I should also mention that there's some very interesting things going on in the physical markets. I mean, it seems obvious. I think you interviewed David Jensen recently, and he gave a wonderful description of what's going on in the palladium market. There's obviously a shortage there. When I look at what's going on in the silver markets, I watch the amount of silver that goes into the ETF. In the last five days it has been something like six million ounces. Well, you know what? That's 300 million ounces a year. We don't have 300 million ounces available for investment, okay? There are other ways of investing in silver too.

For example, I'm a buyer of silver, but I don't buy ETF. I'm not worried [inaudible 00:10:02] there's usually nothing there. But not that people would be buyers of silver away from ETF. So the fiscal markets look absolutely stunning for the precious metals. If that ever catches a bit of a snip here, we could see some exciting action. We are seeing exciting action play [inaudible 00:10:22] all-time high.

Craig: Yeah. Eric, one of the questions we had this week is kind of along those lines. Just as an investor, how do you value silver resources that are still in the ground?

Eric: You know, if it's over in the ground, you know, if it's worth a buck an ounce, it's probably okay. I'm just going to use the word okay. Of course, it depends on the grade of the silver. A lot of people don't understand that perhaps even 200 grade silver, that's only six ounces probably of recoverable silver. That's only worth about $120, $130 bucks, which is the equivalent to about a tenth of an ounce of gold. So two or three grams.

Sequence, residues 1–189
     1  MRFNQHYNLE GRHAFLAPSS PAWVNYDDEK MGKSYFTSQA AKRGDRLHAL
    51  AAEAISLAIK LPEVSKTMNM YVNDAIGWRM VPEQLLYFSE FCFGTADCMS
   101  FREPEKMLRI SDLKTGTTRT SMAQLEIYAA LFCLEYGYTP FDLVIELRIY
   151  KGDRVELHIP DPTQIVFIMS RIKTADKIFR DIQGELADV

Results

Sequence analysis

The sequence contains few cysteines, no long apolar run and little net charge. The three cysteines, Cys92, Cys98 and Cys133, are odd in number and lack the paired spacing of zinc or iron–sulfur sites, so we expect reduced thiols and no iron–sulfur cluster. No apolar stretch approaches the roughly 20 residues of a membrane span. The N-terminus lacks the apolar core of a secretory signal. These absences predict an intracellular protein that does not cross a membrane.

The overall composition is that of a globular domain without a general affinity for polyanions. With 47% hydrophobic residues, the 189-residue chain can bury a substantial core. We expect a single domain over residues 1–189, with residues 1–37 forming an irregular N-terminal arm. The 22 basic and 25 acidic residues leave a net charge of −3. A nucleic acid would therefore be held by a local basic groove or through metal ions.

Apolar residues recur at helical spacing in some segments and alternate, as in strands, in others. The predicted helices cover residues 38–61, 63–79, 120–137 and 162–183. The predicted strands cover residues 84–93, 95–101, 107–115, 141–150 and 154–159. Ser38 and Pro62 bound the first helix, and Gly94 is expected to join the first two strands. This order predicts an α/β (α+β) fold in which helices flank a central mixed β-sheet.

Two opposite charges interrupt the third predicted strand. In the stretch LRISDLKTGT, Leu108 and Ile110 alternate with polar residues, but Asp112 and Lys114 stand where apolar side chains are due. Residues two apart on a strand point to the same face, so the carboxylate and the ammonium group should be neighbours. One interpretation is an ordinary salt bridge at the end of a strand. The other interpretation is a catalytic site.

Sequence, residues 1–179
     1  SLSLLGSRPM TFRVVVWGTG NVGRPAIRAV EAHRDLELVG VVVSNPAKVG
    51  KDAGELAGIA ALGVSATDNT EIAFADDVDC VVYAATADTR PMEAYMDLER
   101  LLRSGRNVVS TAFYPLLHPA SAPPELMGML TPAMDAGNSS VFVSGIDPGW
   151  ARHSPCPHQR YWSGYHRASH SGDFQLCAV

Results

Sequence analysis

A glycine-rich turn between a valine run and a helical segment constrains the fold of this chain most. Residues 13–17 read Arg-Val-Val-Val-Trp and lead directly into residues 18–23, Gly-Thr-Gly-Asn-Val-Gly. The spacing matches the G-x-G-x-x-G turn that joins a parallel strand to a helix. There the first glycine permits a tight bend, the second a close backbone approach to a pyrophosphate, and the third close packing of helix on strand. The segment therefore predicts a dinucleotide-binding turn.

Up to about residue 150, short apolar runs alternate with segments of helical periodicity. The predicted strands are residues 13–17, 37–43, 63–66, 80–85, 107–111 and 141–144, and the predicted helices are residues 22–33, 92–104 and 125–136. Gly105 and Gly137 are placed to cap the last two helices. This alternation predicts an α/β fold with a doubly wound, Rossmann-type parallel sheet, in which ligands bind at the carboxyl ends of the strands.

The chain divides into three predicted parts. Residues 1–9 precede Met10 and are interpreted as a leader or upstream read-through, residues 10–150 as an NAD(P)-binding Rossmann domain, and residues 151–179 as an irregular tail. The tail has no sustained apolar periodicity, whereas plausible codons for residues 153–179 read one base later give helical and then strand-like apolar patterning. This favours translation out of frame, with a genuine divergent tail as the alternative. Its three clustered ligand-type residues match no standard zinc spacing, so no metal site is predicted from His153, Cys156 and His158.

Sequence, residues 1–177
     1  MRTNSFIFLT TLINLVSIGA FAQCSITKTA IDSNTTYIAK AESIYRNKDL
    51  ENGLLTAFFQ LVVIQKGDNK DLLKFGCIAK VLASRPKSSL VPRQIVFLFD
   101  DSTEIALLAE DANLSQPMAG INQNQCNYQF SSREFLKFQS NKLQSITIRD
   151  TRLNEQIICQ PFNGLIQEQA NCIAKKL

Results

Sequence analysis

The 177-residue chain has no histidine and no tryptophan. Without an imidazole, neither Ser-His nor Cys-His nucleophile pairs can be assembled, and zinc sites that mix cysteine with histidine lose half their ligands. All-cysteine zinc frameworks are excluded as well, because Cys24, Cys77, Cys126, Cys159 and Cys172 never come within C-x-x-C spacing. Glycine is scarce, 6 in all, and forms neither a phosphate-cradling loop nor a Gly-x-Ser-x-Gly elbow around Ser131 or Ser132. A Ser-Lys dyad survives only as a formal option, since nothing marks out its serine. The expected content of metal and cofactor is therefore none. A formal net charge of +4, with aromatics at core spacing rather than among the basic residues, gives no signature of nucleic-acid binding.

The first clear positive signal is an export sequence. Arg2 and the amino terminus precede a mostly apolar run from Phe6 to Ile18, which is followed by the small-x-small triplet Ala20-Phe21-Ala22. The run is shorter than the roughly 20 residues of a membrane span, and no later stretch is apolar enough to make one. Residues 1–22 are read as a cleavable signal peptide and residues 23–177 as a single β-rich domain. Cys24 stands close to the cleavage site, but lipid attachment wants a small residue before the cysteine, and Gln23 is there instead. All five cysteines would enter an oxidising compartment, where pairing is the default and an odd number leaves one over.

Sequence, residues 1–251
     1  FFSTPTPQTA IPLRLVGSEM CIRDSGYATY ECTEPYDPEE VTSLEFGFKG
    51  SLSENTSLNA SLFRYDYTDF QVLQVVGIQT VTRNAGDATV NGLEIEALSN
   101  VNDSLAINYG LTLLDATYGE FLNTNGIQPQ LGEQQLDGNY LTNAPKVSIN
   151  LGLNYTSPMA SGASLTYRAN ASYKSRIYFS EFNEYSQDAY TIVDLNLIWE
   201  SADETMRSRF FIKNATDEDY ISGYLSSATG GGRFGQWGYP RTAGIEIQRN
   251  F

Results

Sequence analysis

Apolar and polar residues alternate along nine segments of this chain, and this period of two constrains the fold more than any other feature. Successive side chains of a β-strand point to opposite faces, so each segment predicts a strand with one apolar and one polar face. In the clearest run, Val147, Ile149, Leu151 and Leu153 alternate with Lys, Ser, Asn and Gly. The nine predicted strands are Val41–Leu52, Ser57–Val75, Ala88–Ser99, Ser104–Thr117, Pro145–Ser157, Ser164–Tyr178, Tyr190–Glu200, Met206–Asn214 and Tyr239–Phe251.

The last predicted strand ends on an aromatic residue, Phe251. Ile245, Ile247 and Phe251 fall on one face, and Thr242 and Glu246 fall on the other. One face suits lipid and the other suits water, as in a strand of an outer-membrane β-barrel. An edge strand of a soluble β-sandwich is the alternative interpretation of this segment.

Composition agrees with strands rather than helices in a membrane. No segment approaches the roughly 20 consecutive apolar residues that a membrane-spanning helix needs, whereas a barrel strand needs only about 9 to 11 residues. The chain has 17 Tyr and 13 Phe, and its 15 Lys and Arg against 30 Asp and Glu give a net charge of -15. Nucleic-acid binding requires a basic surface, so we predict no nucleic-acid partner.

We really want the grade to be significantly higher than the 200 grams, in my mind. So it depends on the grade of the ore. It depends on the size of the deposit, and it depends on the prospectivity, as I've mentioned any times before. One of my favorite questions is, well, how big can it get, okay? That's the other thing we want to see. If you're only paying, let's say, 50 cents an ounce today, but it can double, maybe you're only paying 25 cents an ounce. So that's a pretty good deal.

But I'm not locked into a number, because you've got [inaudible 00:11:30] with the grade and the prospectivity.

Craig: Okay, Eric.

Eric: Okay.

Craig: As we go to wrap up, I want to thank everyone, all of our listeners,that take the time to send us specific names for commentary from Eric. Of course, you can tweet them to us at Sprott Money. You can email them to us at submissions@sprottmoney.com. We've got a list every week. We just simply can't run through all of them, but I ask Eric about all of them just to try to cull the list so we don't waste time with stocks he doesn't know anything about.

So we had questions this week about companies like Nexus Gold and Rise Gold, Spanish Mountain Gold, Red Star...all of these companies are ones that Eric has no comment on at the time. But I do have a couple that we can get into, Eric. Let's start with Pacton Gold, P-A-C-T-O-N.

Eric: Well, Pacton. I bought into Pacton when it was moving into the Australia Pilbara basin. Unfortunately, the Pilbara hasn't really manifested itself the way we'd like to see it manifest itself. Like, we need more consistent grade down there to make it truly economic.

Now, they've also moved into northern Ontario, and they seem to have some interesting properties in the Red Lake area. I'm still not a significant owner of it. I'm a watcher, I'm not a buyer [inaudible 00:12:46] at these levels.

Craig: How about a company called Kerr? K-E-R-R. Kerr Mines.